There decision to rebel was beyond dreadful. To rescue them from themselves as well as rescue their offspring, Jesus already comes to them in the Garden. He promises to rescue them by crushing the head of the one who seduced them into sin. That first gospel promise contained with it that the rescue mission would be costly. Jesus Himself would be stricken, smitten, and afflicted by the old evil foe for their sin. The rescue mission was to be cosmic, to the death, and so costly that to this day the angels in heaven cannot grasp it and neither can we.

Throughout the Bible there are so many love and rescue stories. Jesus’ pardoning love comes into the heart of His followers again and again forming them not only into loving creatures but courageous people who rescue others. Take Abraham as an example. He was not the most courageous of men when Jesus called him out of darkness to be His dear child. We see that in how he tried to pawn off his wife Sarah to save his own hide.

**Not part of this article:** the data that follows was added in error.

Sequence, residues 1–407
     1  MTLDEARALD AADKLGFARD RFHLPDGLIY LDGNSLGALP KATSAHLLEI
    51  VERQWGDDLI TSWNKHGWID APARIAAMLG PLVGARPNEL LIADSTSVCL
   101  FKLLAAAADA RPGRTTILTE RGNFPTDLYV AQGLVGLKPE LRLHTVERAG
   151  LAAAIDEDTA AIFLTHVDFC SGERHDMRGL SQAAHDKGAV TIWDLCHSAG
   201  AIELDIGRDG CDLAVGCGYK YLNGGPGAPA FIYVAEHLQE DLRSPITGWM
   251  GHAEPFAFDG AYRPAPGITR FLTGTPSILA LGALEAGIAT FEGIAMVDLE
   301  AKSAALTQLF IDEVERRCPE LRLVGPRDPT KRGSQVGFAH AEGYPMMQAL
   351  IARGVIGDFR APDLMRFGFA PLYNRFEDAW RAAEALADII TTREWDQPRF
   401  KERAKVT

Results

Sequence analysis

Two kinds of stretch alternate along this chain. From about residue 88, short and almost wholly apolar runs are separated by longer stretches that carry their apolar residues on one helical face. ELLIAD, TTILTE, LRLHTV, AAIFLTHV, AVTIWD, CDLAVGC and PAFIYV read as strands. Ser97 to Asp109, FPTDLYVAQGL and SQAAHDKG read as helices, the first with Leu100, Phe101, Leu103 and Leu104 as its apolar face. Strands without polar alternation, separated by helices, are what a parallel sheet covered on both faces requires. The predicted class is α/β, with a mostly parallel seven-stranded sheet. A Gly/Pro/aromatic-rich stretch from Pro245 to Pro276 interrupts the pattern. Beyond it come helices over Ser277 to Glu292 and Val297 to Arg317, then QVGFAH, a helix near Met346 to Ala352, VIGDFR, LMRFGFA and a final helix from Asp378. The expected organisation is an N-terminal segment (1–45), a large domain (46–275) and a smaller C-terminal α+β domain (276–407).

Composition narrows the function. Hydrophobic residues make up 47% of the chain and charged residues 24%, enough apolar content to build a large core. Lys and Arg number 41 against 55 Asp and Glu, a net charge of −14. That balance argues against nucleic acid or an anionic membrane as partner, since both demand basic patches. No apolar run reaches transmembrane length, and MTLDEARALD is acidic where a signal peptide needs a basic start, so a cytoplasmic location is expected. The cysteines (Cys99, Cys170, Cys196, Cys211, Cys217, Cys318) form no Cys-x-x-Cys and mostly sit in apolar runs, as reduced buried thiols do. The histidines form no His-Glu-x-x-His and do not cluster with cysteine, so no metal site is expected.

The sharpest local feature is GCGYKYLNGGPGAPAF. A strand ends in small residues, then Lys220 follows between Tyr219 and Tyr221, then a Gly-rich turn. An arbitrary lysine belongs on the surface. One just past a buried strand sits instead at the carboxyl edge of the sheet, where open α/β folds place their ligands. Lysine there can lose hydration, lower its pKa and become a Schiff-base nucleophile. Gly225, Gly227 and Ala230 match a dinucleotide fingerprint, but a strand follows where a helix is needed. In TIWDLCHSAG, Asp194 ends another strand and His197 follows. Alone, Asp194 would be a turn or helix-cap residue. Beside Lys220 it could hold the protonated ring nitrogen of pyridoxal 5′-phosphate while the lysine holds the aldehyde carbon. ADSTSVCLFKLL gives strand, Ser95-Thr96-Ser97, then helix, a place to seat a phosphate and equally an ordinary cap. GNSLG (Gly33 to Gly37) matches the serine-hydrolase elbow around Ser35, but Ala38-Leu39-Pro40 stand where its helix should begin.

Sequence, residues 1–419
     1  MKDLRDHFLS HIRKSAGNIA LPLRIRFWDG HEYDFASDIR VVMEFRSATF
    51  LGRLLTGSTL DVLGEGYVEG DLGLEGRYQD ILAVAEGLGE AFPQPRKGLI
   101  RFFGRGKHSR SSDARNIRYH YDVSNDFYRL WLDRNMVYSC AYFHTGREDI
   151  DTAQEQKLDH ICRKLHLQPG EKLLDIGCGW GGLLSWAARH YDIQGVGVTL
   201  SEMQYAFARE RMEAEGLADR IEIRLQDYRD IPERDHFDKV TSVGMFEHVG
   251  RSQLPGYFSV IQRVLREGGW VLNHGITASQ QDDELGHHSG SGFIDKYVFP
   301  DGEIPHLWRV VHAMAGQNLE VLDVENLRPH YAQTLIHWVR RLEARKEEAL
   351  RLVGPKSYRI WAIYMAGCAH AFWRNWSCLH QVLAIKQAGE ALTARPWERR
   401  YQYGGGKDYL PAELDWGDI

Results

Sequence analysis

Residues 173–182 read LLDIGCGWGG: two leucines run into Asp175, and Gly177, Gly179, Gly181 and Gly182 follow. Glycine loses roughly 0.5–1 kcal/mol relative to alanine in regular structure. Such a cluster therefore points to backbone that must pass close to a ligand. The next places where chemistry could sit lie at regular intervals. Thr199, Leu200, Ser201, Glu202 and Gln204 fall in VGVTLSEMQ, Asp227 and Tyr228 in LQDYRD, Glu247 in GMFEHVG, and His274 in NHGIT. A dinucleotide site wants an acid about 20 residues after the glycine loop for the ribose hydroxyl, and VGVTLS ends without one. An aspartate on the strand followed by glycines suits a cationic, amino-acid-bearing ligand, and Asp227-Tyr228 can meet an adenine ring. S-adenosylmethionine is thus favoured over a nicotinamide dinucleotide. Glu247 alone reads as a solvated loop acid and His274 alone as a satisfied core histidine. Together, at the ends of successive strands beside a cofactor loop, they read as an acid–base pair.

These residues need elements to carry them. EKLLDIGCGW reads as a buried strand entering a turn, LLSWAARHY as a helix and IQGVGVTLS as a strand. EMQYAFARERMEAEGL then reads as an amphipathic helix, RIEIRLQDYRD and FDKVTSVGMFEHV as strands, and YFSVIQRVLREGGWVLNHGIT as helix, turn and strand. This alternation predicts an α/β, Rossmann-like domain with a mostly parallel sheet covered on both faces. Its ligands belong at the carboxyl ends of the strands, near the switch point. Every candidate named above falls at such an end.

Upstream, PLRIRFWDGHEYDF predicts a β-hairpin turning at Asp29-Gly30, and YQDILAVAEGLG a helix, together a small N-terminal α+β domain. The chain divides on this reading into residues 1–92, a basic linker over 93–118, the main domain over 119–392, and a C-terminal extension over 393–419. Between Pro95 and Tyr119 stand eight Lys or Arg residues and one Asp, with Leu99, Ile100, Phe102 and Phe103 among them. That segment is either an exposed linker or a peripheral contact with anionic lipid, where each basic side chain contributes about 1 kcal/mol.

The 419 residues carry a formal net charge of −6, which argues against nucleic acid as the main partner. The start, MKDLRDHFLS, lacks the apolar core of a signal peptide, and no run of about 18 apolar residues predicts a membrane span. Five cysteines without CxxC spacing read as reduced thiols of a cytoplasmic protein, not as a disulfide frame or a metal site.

Yet over time the promises of God, the love of Christ, and the goodness of God began to slowly shape the character of Abraham. He knew first-hand the power of rescue. He was about to offer his son Isaac with the knife, when the Angel of the Lord rescued Isaac and offered a Ram instead for a sacrifice. Later on, Abraham comes to the rescue of His kidnapped nephew Lot with his 318 men. To rescue Lot Abraham must go up against far superior forces in terms of numbers. Yet the love of Christ that rescued him moved him in turn to rescue his nephew.